Speaking of production, incredibly, working with Eminem, of all people, influenced the direction of Game Theory more than anything else. ?uestlove's drum work at Slim's studio last year for Shady/Aftermath signee Stat Quo proved very instructional for the beatmaker.
"Em has probably the best equipment and engineers, so when you go to his studio it's almost like a dim sum restaurant. So when I went there, they were, like, 'What kind of sound do you want to go for with the drum?'
"I said, 'Let me see if I can go for a Motown sound.' And with his geek-o-matic crew of engineers, it was almost like watching them solve a math equation. They were like, 'Uh, okay, we know.' They went to the closet, came back with all these Beyer Ribbon microphones. I was like, 'Huh? What's this?' And the guy said, 'Just play drums.'
"I started playing drums and I thought, 'Goddamn! This is the best my drums have ever sounded!' I took a lot of notes from his engineers."
Quickly, he adds: "I just came in at 8 in the morning and worked on a bunch of beats. I'm sure by now it's taken on a life of its own."
The recording tips he picked up have no doubt been instrumental on the soon-to-come Roots album, whose production is now at the midway point. ?uest says it's shaping up to be a personal-sounding album with "a lot more synth patches on it than previous Roots albums." Five or six names are in the running, but "I'm gonna fight hard for my title, which is And This Too Shall Pass. So we'll see."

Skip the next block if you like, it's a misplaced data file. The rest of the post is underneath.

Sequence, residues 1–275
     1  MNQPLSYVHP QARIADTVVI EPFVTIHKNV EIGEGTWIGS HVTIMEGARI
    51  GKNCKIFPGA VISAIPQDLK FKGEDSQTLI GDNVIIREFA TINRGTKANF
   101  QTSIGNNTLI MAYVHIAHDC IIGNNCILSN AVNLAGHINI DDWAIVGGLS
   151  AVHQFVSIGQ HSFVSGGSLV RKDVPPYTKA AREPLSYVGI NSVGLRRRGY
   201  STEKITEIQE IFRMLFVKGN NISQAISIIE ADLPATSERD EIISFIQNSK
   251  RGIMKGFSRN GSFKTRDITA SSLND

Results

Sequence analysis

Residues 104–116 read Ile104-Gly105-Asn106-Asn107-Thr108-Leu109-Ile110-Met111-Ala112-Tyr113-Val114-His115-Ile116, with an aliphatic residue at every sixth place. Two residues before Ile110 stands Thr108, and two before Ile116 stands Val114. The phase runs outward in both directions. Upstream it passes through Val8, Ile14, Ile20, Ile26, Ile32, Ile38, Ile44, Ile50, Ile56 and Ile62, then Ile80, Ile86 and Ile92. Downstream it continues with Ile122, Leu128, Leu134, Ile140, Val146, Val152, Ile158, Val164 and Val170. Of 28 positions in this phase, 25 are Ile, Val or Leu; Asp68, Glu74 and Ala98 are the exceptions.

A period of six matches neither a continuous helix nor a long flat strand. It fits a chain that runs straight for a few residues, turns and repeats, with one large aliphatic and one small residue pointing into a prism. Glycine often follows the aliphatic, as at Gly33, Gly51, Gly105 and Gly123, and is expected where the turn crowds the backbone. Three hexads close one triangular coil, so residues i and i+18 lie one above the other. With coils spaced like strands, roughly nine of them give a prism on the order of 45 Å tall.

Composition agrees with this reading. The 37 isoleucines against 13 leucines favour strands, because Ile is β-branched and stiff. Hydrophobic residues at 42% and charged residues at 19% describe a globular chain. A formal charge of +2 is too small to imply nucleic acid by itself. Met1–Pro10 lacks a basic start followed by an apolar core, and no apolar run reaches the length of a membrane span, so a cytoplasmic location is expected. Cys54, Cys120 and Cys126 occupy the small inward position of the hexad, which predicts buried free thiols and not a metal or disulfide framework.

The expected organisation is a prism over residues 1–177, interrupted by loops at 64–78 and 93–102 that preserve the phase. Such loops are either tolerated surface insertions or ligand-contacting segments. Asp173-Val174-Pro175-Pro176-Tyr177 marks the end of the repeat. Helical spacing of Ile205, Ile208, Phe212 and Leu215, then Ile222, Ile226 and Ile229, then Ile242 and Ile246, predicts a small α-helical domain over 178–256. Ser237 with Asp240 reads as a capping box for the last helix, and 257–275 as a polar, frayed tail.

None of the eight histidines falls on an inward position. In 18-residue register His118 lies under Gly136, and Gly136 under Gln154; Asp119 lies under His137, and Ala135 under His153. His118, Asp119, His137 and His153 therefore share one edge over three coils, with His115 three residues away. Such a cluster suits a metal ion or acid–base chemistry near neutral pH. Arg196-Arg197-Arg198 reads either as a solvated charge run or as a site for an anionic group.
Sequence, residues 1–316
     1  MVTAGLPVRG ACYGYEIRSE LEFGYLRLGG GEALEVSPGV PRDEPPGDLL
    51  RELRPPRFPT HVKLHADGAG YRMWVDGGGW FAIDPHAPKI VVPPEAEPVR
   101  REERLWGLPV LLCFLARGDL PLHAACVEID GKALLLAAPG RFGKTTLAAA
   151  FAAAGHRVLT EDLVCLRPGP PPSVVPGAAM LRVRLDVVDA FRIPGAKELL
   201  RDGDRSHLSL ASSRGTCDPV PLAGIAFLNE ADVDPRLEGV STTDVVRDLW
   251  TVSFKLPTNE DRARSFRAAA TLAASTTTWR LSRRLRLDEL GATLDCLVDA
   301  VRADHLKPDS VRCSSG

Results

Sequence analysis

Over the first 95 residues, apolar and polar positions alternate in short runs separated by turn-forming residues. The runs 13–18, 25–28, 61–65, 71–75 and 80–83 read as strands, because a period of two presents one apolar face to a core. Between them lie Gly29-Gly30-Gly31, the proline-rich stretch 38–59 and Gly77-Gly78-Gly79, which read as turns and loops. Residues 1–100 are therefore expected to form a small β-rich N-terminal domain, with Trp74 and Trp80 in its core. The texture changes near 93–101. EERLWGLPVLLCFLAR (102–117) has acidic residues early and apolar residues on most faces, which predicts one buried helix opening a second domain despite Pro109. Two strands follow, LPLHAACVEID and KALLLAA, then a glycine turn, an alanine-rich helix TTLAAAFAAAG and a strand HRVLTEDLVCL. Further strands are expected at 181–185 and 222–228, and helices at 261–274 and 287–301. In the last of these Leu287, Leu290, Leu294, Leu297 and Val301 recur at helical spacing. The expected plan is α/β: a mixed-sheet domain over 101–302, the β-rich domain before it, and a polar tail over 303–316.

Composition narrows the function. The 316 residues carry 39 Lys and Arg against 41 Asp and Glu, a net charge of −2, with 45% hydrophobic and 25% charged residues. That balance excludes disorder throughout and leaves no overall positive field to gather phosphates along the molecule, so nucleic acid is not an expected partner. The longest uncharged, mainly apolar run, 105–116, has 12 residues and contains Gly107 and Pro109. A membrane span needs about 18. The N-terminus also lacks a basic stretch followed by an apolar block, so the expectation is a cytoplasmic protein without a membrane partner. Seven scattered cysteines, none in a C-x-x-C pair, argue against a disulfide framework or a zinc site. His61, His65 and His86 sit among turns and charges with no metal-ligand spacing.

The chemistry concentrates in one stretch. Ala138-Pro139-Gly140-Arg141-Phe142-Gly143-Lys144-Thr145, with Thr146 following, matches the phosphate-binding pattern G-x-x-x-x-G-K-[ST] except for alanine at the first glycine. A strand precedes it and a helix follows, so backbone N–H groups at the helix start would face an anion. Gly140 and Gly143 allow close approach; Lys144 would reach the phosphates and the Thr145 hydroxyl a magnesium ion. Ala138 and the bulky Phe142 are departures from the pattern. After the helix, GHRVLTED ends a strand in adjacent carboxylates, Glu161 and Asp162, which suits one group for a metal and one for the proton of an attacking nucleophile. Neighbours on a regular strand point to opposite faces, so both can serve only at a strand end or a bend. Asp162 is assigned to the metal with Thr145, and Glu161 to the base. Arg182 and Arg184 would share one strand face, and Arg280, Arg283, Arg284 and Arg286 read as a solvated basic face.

If they can summon back that Game Theory magic as they finish the new record on days off from this, the most far-reaching tour of their careers (Prague, Poland, all over Africa, Greece), they'll have nothing to worry about.
Plus, like Game Theory, the new shit will not possess the signature of former Roots member Scott Storch, who mutated from lowly keyboardist to Dr. Dre associate to unstoppable mega-mass-producer, working with anyone and everyone: Paris Hilton, Fat Joe, Christina Aguilera, Jurassic 5, Brooke Hogan.
The mere mention of Storch, who's currently embroiled in a hilarious on-record war of words with producer Timbaland, gets ?uestlove chuckling. What does he think of his prolific ex-bandmate and his Maybach-habit-supporting success?
"I dunno.... It's the age of irony," ?uestlove says. "If Scott is really happy, then I know Scott's struggle, so it's not really my place to be like, 'Oh, man, what the hell's he doing?' Scott is the most tireless, hardest-working machine I've ever known in my life. He's the one who taught me my work ethic. A typical workday for Scott is to do 17 songs - full-fledged songs, not just four-bar grooves. He can write a song in a half-hour.
"He would sleep on the floor. It'd be 5 am, and I'd be ready to go home. He'd be like, 'Hah, I'm gonna sleep on the floor. I'll be energized at 9 in the morning. I'm knockin' out some more songs. '"
Additional Interview Audio Clips
To offset the doom and gloom of their darkest album in a decade, forthis tour they've put together a Motown revue-style show -- when theycome to town, the Philly crew will show you their lighter side,?uestlove promises.
One of the profoundest tracks on Game Theory is False Media, whereBlack Thought rhymes gloomily: "America's lost somewhere inside ofLittleton / Eleven million children are on Ritalin / That's whay Idon't rhyme for the sake of riddlin' / False media / We don't need itdo we?" ?uestlove doesn't think so.
Mainstream hip-hop's gotten so monotonous in the last few years.?uestlove blames BET for dumbed-down rap, and discusses theconsequences from a DJ's perspective.
Additional Video Clips
Here I Come from The Roots's Don't Feel Right Trilogyvideo, and the album Game Theory